Takeaway Truth: McDonald’s New Chicken Burger Range

Takeaway Truth: McDonald’s New Chicken Burger Range

Takeaway Truth is an occasional Lifehacker feature where we compare marketing images against what you actually get served. Today: McDonald’s Chicken Burger Range.

Fast food restaurants have been known to gild the lily when it comes to accurate depictions of their menu items. Far too often, the mouth-watering feast on the poster turns out to be a limp and oily morsel. In a bid to keep the fry-jockey overlords honest, we’ve decided to document the reality of fast food — it was either that, or go postal like Michael Douglas in Falling Down.

[related title=”More Takeaway Truth” tag=”takeaway-truth” items=”5″]The last time we featured McDonald’s on Takeaway Truth, the results weren’t pretty: the entire Taste of America range was a misshapen, cheesy mess that bore little resemblance to the towering works of art depicted in the adverts. We subsequently sent ’em packing back to the States with a score of 5/10.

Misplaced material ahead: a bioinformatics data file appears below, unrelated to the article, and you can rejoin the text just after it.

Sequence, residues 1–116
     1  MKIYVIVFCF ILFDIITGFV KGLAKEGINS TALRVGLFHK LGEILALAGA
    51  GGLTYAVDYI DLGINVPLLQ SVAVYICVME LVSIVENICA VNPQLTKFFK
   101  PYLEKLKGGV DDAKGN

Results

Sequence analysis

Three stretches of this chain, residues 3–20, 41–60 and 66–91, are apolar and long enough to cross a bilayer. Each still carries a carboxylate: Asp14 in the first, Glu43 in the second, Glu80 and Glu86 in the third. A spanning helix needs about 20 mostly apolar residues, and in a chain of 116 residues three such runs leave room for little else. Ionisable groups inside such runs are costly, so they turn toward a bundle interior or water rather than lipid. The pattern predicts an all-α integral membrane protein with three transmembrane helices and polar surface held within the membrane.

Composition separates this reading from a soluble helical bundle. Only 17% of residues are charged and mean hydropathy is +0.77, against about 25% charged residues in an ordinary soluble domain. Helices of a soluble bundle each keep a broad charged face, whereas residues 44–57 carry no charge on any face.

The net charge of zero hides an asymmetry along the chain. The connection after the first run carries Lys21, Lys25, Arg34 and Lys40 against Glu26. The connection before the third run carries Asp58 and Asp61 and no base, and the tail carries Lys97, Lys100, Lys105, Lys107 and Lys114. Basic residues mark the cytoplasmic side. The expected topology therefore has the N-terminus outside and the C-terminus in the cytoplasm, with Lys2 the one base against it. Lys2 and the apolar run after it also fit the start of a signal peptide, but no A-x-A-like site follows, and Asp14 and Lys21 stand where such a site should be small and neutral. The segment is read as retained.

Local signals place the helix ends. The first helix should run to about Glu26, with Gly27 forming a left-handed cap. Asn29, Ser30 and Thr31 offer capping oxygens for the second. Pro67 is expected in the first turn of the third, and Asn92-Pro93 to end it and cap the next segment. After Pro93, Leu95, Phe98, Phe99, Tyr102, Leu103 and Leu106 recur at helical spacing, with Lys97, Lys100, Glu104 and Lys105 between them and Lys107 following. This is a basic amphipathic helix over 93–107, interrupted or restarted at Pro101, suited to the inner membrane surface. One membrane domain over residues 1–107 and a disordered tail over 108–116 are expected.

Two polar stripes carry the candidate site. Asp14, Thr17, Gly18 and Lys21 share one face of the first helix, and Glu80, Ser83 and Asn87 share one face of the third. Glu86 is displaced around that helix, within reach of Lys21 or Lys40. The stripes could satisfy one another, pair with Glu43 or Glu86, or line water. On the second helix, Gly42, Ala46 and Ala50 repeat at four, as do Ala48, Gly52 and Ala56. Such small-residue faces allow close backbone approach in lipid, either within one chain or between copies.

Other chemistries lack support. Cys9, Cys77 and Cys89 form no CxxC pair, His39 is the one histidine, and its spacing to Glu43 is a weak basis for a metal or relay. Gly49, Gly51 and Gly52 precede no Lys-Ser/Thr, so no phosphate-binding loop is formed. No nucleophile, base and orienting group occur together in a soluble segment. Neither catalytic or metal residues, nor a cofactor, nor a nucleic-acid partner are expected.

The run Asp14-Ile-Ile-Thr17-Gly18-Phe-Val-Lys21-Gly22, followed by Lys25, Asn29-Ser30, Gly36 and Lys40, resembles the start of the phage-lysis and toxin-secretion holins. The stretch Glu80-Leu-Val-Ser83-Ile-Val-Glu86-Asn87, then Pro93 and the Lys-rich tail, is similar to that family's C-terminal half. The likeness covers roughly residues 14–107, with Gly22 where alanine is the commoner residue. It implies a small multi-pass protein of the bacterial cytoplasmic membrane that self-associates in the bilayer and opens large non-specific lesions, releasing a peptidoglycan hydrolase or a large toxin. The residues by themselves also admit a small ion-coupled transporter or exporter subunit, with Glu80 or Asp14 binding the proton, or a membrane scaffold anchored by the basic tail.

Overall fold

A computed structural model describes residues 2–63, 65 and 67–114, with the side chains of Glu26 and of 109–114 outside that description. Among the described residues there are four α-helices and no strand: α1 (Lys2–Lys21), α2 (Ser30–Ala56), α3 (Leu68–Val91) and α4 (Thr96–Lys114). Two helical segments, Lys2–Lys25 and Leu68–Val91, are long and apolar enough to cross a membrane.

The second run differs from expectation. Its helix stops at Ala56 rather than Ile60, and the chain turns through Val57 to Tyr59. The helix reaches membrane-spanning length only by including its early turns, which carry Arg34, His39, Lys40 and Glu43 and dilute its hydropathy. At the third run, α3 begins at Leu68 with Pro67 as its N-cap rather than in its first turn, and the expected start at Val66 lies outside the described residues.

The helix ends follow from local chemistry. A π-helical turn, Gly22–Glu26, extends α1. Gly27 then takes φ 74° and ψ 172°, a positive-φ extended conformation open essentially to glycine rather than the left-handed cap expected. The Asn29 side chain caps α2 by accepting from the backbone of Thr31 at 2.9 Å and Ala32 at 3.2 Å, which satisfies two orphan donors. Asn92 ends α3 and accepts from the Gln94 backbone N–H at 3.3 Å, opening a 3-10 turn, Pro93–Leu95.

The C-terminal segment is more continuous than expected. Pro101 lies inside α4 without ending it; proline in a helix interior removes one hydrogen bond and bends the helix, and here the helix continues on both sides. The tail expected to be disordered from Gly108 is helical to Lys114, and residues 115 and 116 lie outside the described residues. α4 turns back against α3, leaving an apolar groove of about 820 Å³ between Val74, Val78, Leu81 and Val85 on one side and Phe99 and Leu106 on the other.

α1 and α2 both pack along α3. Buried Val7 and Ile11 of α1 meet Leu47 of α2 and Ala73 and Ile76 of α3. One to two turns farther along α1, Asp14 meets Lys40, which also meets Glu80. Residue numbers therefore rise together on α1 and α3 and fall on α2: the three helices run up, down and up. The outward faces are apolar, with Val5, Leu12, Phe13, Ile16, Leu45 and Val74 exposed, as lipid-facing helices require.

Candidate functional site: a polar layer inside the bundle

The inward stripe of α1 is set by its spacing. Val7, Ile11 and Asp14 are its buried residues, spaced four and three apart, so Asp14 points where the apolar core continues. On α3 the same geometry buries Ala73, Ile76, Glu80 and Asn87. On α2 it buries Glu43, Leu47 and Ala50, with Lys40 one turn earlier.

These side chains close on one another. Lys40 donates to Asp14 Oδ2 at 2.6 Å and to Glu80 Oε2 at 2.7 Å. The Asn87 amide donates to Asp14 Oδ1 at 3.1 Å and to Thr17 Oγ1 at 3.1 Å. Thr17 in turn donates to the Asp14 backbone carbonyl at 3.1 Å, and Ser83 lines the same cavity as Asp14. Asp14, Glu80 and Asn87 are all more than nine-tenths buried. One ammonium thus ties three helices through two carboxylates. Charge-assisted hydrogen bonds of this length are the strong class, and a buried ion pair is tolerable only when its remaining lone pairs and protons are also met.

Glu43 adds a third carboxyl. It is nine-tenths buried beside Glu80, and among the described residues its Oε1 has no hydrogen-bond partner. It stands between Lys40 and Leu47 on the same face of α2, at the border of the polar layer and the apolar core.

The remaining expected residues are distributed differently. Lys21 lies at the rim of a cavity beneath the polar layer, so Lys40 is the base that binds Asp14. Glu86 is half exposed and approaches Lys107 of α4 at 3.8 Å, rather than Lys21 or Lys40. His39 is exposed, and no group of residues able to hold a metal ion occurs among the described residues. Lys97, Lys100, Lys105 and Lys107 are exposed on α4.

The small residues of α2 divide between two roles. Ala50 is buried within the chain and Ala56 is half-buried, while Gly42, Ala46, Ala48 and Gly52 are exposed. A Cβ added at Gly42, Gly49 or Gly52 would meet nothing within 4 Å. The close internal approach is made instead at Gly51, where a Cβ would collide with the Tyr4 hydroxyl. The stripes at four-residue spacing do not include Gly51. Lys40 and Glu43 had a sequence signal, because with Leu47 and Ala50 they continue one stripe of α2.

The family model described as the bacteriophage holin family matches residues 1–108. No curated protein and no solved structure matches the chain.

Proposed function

McDonald’s latest promotional items are all about chicken — they comprise of the McGrilled Burger (grilled chicken, tomato, lettuce, mayo), the McSpicy Burger (spicy battered chicken, lettuce, spicy mayo) and the McChamp Burger (battered chicken, lettuce, tomato relish and mayo). According to McDonald’s, the McGrilled is “juicy like office gossip”, the McChamp has “a taste that packs a punch” and the McSpicy is “so hot right now”. Er, okay.